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Tag Archives: deportation

Michael Medved: Real Life Losses, Abstract Gains

Opioid

To understand why right-wing activists make a mistake in pushing deportation of so-called “Dreamers” we should consider the reasons for our consistent victories in defending gun rights.

For gun-owners, this is a personal issue—restrictive regulations are an interference, or an annoyance, with real-world impact. For those who choose not to own firearms, gun control is an abstraction—with no effect on the way you live.

Similarly, for 800,000 undocumented immigrants brought here as children through no fault of their own, the ability to get a work permit is a big deal, and fear of deportation is a direct concern. Meanwhile, it’s hard to see any personal benefit for anyone else in forcing these people from the country.

President Trump is right to ask Congress to protect the Dreamers.

Any action threatening negative consequences on a significant group of people, without offering concrete benefits to someone else, amounts to bad policy and terrible politics.

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Hugh Hewitt: An Opportunity After DACA

U.S. Senate

President Trump recently announced that he intends to end President Obama’s executive action called DACA, or Deferred Action for Childhood Arrivals, which prevents the deportation of persons brought illegally to the United States as children. The Trump Administration will renew DACA permits for the next six months in order to give Congress time to act to protect the “Dreamers.”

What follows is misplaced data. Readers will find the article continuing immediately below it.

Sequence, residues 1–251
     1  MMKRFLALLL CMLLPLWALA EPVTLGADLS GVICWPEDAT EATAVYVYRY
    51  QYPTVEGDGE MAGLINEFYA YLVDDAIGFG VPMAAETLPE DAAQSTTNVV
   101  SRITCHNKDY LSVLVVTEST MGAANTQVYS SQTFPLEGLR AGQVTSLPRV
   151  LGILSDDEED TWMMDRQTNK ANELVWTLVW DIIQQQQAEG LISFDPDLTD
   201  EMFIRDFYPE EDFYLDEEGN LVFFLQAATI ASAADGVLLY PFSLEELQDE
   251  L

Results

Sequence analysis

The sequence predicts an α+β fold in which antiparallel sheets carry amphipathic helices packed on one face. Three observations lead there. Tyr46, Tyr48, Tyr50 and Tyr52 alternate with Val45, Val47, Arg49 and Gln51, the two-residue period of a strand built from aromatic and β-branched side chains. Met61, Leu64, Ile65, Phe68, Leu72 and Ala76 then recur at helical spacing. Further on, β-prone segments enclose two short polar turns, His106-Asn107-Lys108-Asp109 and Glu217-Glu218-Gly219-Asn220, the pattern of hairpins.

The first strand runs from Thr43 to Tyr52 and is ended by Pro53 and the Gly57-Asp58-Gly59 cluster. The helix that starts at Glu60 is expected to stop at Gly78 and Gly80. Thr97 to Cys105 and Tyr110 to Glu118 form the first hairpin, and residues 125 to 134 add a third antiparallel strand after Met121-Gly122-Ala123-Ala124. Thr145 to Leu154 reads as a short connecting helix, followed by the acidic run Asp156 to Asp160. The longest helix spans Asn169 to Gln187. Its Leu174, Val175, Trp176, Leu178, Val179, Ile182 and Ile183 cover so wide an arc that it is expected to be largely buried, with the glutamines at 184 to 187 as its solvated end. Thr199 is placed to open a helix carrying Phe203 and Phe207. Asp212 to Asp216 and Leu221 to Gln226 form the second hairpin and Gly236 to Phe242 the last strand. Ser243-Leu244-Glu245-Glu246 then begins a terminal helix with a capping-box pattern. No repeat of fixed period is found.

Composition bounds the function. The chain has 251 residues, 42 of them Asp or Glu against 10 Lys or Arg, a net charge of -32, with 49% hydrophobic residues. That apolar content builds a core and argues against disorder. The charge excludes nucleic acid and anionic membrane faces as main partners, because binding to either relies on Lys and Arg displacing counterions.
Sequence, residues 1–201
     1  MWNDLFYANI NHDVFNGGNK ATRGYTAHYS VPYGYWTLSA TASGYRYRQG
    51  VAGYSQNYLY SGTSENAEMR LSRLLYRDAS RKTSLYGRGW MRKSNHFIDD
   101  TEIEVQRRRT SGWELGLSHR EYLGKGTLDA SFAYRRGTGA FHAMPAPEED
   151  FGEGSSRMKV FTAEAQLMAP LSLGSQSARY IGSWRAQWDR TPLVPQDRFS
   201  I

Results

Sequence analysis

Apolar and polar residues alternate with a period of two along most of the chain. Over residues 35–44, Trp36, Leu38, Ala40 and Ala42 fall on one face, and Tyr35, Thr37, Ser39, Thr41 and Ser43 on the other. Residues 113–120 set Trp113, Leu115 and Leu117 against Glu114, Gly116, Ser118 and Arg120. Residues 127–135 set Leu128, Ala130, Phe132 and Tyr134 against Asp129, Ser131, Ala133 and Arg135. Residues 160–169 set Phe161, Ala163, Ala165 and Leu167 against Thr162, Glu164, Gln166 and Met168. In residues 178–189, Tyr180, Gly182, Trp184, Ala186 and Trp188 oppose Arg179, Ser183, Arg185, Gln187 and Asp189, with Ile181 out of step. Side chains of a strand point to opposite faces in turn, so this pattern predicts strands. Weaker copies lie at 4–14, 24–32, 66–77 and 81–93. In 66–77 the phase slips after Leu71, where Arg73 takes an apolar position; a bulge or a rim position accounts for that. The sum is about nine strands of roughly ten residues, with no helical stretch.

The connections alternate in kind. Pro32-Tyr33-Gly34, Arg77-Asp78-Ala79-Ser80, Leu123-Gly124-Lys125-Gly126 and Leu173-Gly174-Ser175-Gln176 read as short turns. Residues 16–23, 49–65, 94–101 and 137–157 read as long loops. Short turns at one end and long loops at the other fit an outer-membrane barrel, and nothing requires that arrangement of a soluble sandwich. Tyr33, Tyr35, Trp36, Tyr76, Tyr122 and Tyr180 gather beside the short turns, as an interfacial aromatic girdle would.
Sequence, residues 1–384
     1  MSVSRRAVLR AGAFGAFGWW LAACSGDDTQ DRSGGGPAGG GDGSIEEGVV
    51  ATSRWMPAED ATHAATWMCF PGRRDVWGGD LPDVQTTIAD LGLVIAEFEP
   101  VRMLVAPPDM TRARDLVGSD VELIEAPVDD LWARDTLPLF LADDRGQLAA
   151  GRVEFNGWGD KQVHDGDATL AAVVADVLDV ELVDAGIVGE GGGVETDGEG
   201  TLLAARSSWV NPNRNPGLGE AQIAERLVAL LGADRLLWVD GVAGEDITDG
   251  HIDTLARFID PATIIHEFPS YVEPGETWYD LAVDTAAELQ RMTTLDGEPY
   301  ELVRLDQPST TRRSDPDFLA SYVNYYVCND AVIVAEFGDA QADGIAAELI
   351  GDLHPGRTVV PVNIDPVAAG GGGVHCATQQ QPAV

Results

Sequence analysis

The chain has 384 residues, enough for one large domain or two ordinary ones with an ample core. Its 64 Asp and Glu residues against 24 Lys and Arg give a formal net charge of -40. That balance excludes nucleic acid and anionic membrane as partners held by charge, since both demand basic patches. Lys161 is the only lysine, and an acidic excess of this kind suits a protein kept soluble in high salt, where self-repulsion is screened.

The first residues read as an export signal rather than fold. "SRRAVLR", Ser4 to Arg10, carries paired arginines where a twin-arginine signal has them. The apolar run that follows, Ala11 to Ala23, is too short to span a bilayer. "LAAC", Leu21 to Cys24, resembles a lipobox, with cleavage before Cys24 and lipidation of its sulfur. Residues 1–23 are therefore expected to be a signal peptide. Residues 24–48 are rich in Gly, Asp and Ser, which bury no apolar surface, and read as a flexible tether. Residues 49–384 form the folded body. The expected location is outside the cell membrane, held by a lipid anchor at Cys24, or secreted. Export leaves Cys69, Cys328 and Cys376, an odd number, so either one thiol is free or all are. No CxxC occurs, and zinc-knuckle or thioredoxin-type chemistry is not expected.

Now, let’s make one thing abundantly clear: DACA is unconstitutional. The president said in 2010 and 2011, President Obama, that it would be unlawful for a president to take the kind of action that he eventually did indeed take. The state attorneys general who were preparing to challenge the constitutionality of that executive order in court would certainly have been successful.

In fact, President Trump did a favor to every DACA kid by providing a ripeness argument so that courts may delay ruling DACA unconstitutional, as they surely will.

Now is the time for Republicans and Democrats to come together to provide a solution for the 800,000 people in their 20s and 30s currently protected under DACA, while simultaneously cutting off the flow of illegal immigration into our country.

For more information, listen to Hugh Hewitt interview Tom Cotton on DACA.

 

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